A multi-domain protein for β1 integrin-tangeted DNA delivery

Department of Cell Biology, Erasmus University, Rotterdam, The Netherlands.
Gene Therapy (Impact Factor: 3.1). 10/2000; 7(17):1505-15. DOI: 10.1038/
Source: PubMed


The development of effective receptor-targeted nonviral vectors for use in vivo is complicated by a number of technical problems. One of these is the low efficiency of the conjugation procedures used to couple protein ligands to the DNA condensing carrier molecules. We have made and characterized a multi-domain protein (SPKR)4inv, that is designed to target plasmid DNA to beta1 integrins in remodeling tissue. It contains a nonspecific DNA-binding domain (SPKR)4, a rigid alpha-helical linker, and the C-terminal beta1 integrin binding domain (aa 793-987) of the Yersinia pseudotuberculosis invasin protein. (SPKR)4inv could be purified at high yields using a bacterial expression system. We show that (SPKR)4inv binds with high affinity to both plasmid DNA and beta1 integrins. In a cell attachment assay, the apparent affinity of (SPKR)4inv for beta1 integrins is three orders of magnitude higher than that of the synthetic peptide integrin ligand RGDS. (SPKR)4inv-plasmid complexes are not active in an in vitro transfection assay. However, transfection efficiencies of plasmid complexes with a cationic lipid micelle (DOTAP/Tween-20) or a cationic polymer (polyethylenimine), are significantly increased in combination with (SPKR)4inv. (SPKR)4inv-mediated transfection can be inhibited by a soluble form of beta1 integrin, which is evidence for its receptor specificity. In conclusion, (SPKR)4inv allows beta1 integrin-specific targeting of plasmid-carrier complexes, while avoiding inefficient and cumbersome coupling chemistry. The modular design of the expression vector allows production of similar multi-domain proteins with a different affinity. The further development of such complexes for use in vivo is discussed.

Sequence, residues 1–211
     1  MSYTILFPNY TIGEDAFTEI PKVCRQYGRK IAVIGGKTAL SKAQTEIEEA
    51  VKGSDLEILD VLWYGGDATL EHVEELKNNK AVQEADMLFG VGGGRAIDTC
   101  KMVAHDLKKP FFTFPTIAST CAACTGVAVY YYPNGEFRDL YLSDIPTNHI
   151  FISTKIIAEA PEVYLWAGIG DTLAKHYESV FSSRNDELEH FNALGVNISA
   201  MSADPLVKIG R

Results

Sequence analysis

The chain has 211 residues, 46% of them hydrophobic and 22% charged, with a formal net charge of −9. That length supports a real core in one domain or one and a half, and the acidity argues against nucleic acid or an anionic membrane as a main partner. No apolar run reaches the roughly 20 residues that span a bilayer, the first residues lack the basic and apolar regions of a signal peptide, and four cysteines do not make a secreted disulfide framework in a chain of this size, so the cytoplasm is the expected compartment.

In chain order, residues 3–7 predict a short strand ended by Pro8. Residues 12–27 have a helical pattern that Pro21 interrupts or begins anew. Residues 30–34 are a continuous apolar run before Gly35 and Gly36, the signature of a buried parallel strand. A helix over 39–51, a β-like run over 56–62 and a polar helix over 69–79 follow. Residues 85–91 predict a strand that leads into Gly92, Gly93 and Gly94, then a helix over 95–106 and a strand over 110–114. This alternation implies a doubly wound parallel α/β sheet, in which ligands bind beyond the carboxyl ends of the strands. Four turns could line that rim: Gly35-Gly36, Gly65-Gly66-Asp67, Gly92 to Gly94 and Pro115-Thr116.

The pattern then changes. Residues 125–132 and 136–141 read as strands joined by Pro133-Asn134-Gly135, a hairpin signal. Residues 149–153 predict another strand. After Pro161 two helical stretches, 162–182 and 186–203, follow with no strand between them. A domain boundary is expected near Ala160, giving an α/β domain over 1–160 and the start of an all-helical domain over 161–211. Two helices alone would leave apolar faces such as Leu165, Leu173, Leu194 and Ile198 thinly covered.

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    • "This has important consequences for the engineering of tissue supports that, to date, generally involves RGD conjugation to polymers in a random distribution or non-specific adsorption of collagen or fibronectin (Rowley et al 1999; Tan et al 2001; Yang et al 2001). Similarly, recombinant proteins and polypeptides binding integrin for targeted gene delivery via receptor-mediated endocytosis have focussed on monovalent RGD and invasin ligands, extended by cationic polypeptides binding DNA (Harbottle et al 1998; Fortunati et al 2000; Kunath et al 2003). As our understanding of integrin–ligand binding advances, it would appear timely to explore alternative polypeptide templates facilitating a clustered organisation of RGD ligands. "
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